Mathematical interpretation of impermanent loss
Constant product AMM works on a simple formula of X * Y = K, where the price of asset A priceA = Y/X.
Combining the two equations, we can work out the size of each asset at any given price as:
A_sizepriceA = sqrt(K/priceA)
B_sizepriceA = sqrt(K*priceA)
When the price of asset A changes to priceA’, the asset sizes change accordingly to the above formulas.
Therefore, we have the impermanent loss as:
Impermanent loss = (HODL value – pool value)/(HODL value) = (A_sizepriceA * priceA’ + B-sizepriceA– 2A_sizepriceA’* priceA’)/（A_sizepriceA * priceA’ + B_sizepriceA）
Combining the above formulas, we can get:
Impermanent loss = 2(price_ratio)1/2/(1+price_ratio) -1
Where price_ratio = priceA’/priceA
The above formula can be plotted out as the following graph, which gives a better visual interpretation of the impermanent loss size.
Put it numerically, we have:
- 1.25x price change results in a 0.6% loss
- 1.50x price change results in a 2.0% loss
- 1.75x price change results in a 3.8% loss
- 2x price change results in a 5.7% loss
- 3x price change results in a 13.4% loss
- 4x price change results in a 20.0% loss
- 5x price change results in a 25.5% loss
The loss is the same whichever direction the price moves, i.e. doubling the price causes the same impermanent loss as halving.
Returns for LPs
So, LPs get paid trading fees but are exposed to potential impermanent loss. Can LPs make money? Possibly. The amount of trading fee that LPs receive is determined by the trading volume happening in a pool. The more trading volume, the larger the trading fee. If there is a lot of trading volume in a pool, LPs can still be profitable even if the pool is heavily exposed to impermanent loss. The actual return for the liquidity provider is a balance between impermanent loss and the accumulated trading fees.
Let’s look at two examples.
Below is the 3 months ROI of the ETH/DAI pool on Uniswap.
This chart shows that for most of the time during the 3 months this account had been in negative balance compared to HODLing the asset. This was due to large impermanent losses caused by ETH price swings. The trading fee had been steadily accumulating, and as the trading volume increased, the trading fees accumulated at a faster speed.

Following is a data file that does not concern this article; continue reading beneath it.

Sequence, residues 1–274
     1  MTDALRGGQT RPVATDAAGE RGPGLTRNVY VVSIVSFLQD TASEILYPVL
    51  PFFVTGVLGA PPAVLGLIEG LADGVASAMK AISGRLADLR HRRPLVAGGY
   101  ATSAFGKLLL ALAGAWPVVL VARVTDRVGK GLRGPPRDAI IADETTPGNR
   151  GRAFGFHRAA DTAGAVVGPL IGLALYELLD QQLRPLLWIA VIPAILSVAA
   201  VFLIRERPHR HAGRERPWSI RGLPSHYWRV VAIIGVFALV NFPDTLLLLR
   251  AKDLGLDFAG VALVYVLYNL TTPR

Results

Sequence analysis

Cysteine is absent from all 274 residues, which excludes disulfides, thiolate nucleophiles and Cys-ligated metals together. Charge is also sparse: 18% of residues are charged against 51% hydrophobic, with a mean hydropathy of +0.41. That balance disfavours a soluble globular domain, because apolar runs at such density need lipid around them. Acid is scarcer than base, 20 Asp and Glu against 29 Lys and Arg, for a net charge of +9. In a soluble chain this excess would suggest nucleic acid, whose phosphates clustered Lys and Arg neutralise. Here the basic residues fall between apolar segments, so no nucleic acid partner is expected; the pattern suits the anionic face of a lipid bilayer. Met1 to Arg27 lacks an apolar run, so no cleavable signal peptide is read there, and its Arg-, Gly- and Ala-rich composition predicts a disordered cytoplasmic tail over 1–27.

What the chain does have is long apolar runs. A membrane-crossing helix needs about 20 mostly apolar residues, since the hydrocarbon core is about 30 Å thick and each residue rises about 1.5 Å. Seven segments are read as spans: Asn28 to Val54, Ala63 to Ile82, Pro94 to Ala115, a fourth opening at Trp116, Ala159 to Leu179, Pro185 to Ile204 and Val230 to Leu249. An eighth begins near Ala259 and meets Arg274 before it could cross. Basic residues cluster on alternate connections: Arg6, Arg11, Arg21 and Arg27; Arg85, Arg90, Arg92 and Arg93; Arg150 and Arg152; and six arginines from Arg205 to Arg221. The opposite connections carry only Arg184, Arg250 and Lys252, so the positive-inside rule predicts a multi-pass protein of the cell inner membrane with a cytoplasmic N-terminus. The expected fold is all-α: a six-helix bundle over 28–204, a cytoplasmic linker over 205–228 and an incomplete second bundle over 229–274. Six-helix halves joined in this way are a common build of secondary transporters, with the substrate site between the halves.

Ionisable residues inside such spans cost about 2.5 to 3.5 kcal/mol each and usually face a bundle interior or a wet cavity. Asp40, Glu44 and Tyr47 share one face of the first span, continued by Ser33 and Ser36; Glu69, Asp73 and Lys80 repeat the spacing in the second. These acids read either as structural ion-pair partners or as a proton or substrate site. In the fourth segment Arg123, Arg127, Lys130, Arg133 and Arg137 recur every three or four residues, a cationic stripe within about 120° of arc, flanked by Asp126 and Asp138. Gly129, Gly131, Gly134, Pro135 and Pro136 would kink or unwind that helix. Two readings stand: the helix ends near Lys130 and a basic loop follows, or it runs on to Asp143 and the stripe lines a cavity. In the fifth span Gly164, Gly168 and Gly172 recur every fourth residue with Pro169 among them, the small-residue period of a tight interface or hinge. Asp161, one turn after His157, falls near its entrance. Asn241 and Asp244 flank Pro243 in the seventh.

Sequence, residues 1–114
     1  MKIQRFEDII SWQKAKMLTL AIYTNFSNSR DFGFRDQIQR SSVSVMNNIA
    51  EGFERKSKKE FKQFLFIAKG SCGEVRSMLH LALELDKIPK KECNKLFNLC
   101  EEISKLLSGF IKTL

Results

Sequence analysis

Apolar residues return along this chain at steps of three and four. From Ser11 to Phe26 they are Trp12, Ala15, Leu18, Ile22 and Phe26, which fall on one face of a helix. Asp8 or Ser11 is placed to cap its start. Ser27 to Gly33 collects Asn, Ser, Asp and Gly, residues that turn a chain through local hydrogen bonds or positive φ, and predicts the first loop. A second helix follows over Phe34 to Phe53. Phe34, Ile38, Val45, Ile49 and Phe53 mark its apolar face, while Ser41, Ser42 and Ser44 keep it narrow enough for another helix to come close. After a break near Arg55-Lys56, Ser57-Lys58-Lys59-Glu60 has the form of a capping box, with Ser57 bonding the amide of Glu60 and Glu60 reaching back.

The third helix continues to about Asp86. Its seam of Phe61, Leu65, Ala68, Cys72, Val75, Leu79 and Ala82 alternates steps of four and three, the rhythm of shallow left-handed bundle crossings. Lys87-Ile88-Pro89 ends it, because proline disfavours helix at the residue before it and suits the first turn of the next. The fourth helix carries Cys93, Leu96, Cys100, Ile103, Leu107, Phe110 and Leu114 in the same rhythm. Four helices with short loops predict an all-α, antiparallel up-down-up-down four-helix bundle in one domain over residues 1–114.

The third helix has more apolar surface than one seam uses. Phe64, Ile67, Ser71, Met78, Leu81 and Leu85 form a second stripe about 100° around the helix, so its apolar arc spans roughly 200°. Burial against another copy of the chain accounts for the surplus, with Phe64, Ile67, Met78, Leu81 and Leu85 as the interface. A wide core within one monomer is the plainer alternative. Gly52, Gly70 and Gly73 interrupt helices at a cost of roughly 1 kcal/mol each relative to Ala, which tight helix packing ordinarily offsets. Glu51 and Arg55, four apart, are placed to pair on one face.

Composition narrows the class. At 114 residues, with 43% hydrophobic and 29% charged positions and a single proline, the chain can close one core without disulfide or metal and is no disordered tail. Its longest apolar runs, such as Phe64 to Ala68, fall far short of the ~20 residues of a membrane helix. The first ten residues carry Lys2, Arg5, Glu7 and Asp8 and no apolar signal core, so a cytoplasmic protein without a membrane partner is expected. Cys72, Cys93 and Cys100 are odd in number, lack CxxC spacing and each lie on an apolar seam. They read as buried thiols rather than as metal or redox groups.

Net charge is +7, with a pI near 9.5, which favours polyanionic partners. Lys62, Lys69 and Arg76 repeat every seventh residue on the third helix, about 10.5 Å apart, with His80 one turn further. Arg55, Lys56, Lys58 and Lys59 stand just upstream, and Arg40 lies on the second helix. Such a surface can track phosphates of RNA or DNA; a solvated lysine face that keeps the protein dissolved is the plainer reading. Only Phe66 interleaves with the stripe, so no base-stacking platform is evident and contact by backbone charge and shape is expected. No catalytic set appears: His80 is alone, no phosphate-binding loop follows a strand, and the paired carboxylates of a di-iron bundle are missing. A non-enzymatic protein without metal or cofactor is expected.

As a comparison, another chart of the 3 months ROI for ETH/WETH pool is shown below.
This chart shows that the account remained positive returns compared to HODLing the assets. Impermanent loss for this pool was neglectable since the price of ETH/WETH was supposed to be at 1 all the time. Compared to the chart above, the trading fee accumulated for this pool was much smaller (10% compared to 0.3% for 3 months). This is because the trading volume of the ETH/WETH pool was much less significant compared to that of the ETH/DAI pool.
Other than trading fees, many protocols reward their LPs with extras, such as interests or governance token, etc. Associated with the rewards might come with extra risks that LPs are exposed to. These are advanced topics that can be found in other parts of the Academy.
In closing, the impermanent loss is inherent to the constant product AMM model. Some protocols try to reduce impermanent loss, but it is hard to avoid it completely. LPs earn trading fees and at the same time are exposed to potential impermanent loss. Funding to a DEX is an interesting way to discover the world of DeFi, and to understand how it democratizes market making. However, users should always understand the risks and tradeoffs AMMs come with before depositing.